The Hill: Gun debate erupts anew

Stephen Harper wants to weaken gun control in Canada. He wants to strengthen his rural base in Western Canada and stands to make electoral gains later this year in isolated areas of rural Eastern Canada where there is proud and considerable opposition to registering one’s guns.

First, Harper is trying again to abolish the 10-year-old gun registry. But strangely he is using the Senate this time rather than the Commons where he has failed twice before.

Second, he wants to extend for another year the amnesty for gun owners who disobey the law and refuse to register their weapons. The current amnesty is set to expire May 16.

And third, Conservative member Garry Breitkreuz has introduced private bill, C-301. He wants to loosen controls on handguns, semi-automatic weapons, shotguns, and assault rifles used for hunting non-humans.
Apart from the amnesty extension, everything appears dead in the water because Harper lacks a majority.
But Harper’s purpose is cleverly more political than ideological.

He has targeted pockets of pro-gun support in about 10 Eastern Canada ridings held by the Liberals and New Democrats. They are in northern Ontario, farmland Ontario, rural New Brunswick, and Nova Scotia.

By using the Senate where things move slowly, instead of the Commons, Harper keeps the gun debate alive for the rest of the year and will not be blamed in the Commons for being more interested in talking about guns than the withering economy.

The Opposition, with its eyes on Canada’s three biggest cities, Toronto, Montreal, and Vancouver, where fear of guns is greatest, is pretending there is a real threat from Harper to loosen gun control.

Nowhere does gun control sell as well as in Quebec; people there are overwhelmingly in favour of it. So this past week, the Bloc Québécois undertook a campaign against Harper’s gun policies.

Their campaign was led by Bloc MP Serge Ménard. He’s a former provincial minister of public security and a champion Crown prosecutor who made a reputation busting criminal gangs.

Last Wednesday night on Parliament Hill, the Bloc screened Denis Villeneuve’s prize-winning Quebec film Polytechnique which depicts the Dec. 6, 1989, slaughter of 14 young women at the École Polytechnique in Montreal by madman Marc Lépine. It was an all-party event.

About 50 MPs attended, including Michael Ignatieff and Jack Layton. Only one Conservative showed up, Levis-Bellechasse MP Steven Blaney. Harper did not attend, nor reply to a written invitation.

The Bloc pulled out all the stops, even bringing in the mother of one of the slain women. She had never seen the film before and was in tears. It was a powerful and understandably brutal film. Some MPs left the room shocked and unable to speak.

The Bloc followed it up the next day with a motion against Harper’s amnesty for law-breaking gun owners. The motion easily passed. Harper will likely ignore it and extend his amnesty.

MP Dave MacKenzie, parliamentary secretary to the minister of Public Security and Emergency Preparedness, said the registry is not the answer. The real answer to fighting gun crime is to put more people in jail, people who commit gun crimes. This frightens other people away from gun crimes.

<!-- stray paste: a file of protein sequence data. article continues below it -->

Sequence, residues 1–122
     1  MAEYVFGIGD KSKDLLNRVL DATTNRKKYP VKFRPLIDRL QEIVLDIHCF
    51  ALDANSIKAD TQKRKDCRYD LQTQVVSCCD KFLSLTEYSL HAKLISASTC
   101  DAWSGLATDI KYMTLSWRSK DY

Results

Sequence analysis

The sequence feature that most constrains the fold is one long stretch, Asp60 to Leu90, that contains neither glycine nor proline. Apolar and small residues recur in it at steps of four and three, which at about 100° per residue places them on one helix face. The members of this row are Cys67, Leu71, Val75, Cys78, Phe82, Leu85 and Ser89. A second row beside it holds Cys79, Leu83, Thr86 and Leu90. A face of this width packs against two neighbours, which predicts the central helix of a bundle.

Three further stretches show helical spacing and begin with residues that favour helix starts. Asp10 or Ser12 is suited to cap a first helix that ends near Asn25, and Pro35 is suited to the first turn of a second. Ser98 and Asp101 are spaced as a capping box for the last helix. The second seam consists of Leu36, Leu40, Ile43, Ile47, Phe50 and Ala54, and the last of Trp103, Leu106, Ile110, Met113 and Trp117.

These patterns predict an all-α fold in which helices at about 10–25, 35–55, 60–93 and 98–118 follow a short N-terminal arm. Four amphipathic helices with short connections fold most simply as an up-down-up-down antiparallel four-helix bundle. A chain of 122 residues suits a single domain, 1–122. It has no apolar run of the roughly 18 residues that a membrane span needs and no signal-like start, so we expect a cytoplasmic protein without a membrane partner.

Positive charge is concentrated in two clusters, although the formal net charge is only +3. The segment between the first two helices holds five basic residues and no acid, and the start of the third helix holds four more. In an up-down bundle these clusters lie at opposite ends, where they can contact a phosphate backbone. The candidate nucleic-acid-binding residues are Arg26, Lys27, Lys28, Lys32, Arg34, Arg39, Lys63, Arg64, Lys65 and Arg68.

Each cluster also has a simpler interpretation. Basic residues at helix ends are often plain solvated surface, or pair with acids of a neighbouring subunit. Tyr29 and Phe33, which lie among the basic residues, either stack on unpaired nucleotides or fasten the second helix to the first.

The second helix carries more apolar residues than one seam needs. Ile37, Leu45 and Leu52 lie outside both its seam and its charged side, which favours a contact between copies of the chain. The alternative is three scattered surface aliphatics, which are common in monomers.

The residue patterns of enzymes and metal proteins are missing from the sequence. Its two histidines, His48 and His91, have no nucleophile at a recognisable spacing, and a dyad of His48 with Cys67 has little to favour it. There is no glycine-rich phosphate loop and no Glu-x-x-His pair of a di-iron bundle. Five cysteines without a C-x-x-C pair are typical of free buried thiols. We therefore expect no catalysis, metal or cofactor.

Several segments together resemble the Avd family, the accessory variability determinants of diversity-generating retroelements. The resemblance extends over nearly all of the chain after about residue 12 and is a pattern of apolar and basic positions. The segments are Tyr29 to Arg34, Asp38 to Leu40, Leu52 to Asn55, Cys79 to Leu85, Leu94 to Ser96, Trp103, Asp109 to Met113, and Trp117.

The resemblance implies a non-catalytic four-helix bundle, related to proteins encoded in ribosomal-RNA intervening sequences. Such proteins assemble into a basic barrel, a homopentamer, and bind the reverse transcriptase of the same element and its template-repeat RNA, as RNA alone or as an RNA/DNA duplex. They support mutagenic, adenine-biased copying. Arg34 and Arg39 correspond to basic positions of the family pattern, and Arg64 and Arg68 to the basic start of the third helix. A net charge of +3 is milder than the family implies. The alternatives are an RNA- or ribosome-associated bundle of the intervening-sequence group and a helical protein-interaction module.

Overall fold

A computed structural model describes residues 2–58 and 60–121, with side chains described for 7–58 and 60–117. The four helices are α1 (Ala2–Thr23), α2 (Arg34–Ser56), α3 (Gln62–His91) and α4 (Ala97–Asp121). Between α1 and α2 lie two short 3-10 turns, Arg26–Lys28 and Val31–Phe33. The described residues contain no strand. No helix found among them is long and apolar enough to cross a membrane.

Defenders of the gun registry also got into the act, especially women’s groups. Rifles and shotguns are the weapon of choice in domestic dispute killings in Canada. Women are usually the victims.

The Canadian Police Association and the Canadian Association of Police Chiefs came to the defence of the gun registry. For them it’s protection. They like to check the computer to find out if there are guns registered where they are going.

They use the registry about 5,000 times a day.
There are about eight million registered guns in Canada. It cost a fortune - about $1 billion - to build the registry 10 years ago and tens of millions a year to keep it up to date, until three years ago when Harper brought in his amnesty.

Since then the registry is increasingly less accurate although it is calculated that about 80 per cent is still accurate. Some gun owners voluntarily register. It helps track down their weapons if they are stolen. Police do their best with it. They were the ones who first cranked up the cost.

They insisted they wanted all criminal records included and then all medical records of mental illness too, and some cops even wanted all police visits and calls to gun owner homes listed as well, and constant updates every time a gun owner changed address. And police checks had to be done on every entry. Incredibly time consuming.

With about five million gun owners in Canada, the cost quickly became phenomenal. It is estimated that by 2015, if Harper had not brought in his amnesty, the total cost would have reached $2 billion.
The big debate in the U.S. is over handguns. In Canada handguns were banned in 1934.

Here the debate is rural-urban, opposite mirror images of each other. No guns in the city, guns in the country. Since Canada is 80-per-cent urban, the gun control group wins easily. 

It’s this ideological split that creates electoral opportunities for politicians. That’s why Harper keeps on trying to loosen gun control, and that keeps the debate going.

Richard Cleroux is a freelance reporter and columnist on Parliament Hill. His e-mail address is [email protected]

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